Article from The Repository (Canton, Ohio) - May 29, 2005
Muppets rescued! (free subscription required)

GLENDALE, Calif. -- Kermit the Frog dangles by his spindly legs in the hallway of a Walt Disney Co. office here, his red-felt mouth slightly ajar and his ping-pong ball eyes staring blankly at the floor.

Like so many aging stars, the iconic Muppet has struggled in recent years to find a role for himself, only to be relegated to ancient re-runs and B-list movies.
After a marathon courtship, Disney last year added Kermit and his co-stars from the 1970s television hit, “The Muppet Show,” to its coterie of characters for the seemingly modest sum of around $75 million. Done right, Disney thinks Kermit’s troupe could become a classic like Mickey Mouse.

“I’ve always been convinced that there are three real characters that have enduring entertainment value, that are evergreens: Mickey, Winnie and Kermit,” says Disney Chief Executive Michael Eisner.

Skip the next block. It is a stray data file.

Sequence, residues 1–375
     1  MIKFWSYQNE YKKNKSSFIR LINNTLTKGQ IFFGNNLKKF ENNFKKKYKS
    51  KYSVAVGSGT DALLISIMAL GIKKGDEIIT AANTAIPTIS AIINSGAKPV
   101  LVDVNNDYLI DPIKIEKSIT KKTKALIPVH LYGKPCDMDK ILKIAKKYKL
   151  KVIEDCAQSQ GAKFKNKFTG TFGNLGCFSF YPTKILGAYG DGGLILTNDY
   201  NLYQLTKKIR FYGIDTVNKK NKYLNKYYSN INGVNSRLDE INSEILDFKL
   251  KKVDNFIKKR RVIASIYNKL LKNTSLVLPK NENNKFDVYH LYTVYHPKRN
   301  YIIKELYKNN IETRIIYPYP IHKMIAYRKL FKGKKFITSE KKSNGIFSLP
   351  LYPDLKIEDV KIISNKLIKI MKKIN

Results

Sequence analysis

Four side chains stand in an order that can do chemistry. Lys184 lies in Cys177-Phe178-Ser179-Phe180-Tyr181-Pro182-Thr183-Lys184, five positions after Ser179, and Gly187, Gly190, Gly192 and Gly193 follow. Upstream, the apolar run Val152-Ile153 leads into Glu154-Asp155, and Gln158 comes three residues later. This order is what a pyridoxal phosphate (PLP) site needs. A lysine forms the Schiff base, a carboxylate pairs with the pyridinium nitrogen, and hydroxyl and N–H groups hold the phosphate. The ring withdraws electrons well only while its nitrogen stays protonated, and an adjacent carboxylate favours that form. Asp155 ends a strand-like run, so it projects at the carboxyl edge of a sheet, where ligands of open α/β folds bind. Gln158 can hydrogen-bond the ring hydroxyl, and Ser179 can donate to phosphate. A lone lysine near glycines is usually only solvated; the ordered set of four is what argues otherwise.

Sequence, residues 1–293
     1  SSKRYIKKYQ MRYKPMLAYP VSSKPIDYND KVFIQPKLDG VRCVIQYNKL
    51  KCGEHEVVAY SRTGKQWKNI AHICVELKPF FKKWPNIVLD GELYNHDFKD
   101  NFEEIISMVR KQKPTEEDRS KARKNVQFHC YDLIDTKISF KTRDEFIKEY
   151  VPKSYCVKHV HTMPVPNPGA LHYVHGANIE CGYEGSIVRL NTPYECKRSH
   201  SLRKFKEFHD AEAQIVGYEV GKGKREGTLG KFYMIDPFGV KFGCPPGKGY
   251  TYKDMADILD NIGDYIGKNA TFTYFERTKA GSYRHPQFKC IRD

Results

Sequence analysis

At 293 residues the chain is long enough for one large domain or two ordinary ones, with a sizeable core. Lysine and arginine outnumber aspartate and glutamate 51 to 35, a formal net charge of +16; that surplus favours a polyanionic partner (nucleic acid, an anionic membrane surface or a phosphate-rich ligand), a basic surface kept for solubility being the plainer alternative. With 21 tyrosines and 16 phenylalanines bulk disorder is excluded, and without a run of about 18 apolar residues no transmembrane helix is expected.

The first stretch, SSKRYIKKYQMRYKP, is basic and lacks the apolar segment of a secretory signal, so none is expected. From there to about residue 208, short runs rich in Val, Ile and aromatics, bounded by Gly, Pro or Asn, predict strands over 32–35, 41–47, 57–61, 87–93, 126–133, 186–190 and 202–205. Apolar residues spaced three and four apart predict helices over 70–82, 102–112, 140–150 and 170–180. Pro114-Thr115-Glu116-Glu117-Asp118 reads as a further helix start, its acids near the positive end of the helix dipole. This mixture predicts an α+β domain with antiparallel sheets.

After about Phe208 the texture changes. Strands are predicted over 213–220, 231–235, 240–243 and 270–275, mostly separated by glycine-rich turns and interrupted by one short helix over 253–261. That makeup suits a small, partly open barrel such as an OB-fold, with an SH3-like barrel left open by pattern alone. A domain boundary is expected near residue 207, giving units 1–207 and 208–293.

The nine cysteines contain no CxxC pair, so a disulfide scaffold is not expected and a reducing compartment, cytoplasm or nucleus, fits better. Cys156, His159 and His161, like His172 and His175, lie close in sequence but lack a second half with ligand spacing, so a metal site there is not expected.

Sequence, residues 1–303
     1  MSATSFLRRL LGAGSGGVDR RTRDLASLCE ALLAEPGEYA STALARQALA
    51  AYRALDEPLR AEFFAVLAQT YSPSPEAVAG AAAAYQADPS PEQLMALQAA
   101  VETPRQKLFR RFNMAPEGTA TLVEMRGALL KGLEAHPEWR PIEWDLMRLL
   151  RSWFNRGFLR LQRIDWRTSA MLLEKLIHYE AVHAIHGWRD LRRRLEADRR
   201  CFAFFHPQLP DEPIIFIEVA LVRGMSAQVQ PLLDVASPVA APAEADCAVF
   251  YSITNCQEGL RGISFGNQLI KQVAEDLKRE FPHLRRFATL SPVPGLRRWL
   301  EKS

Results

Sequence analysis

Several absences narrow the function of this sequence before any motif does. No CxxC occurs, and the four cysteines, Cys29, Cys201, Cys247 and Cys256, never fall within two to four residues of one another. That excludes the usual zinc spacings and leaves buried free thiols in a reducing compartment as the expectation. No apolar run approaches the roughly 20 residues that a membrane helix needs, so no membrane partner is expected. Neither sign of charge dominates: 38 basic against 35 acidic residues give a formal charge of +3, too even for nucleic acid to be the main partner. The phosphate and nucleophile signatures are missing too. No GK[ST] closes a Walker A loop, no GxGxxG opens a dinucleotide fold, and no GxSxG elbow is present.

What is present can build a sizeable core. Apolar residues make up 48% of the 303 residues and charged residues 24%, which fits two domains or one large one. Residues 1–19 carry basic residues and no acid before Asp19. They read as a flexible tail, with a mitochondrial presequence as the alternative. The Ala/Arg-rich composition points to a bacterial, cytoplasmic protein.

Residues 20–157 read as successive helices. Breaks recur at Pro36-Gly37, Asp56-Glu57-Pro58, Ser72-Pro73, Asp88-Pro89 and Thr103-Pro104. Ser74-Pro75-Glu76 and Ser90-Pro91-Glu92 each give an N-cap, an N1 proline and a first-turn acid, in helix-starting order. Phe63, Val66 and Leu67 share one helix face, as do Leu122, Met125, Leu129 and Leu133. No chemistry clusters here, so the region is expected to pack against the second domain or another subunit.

In the works for summer: a line of retro-hip Muppets apparel, including green T-shirts with glitter-encrusted images of Kermit. And Disney will trot out various TV shows, such as “America’s Next Muppet,” a reality-style contest in which new characters vie for a spot in the Muppets lineup.

After the characters find their feet, Disney plans a “hard” launch, broadening the appeal to a wider audience including younger children, starting with a feature film in 2007.

Then, if everything goes to plan, the floodgates will open to such things as stage plays, ring tones, theme-park attractions, TV specials and a possible relaunch of “The Muppet Show” itself. “This is franchise that will ultimately appeal to most age groups,” said Chris Curtin, general manager of Disney’s Muppets Holding Co.
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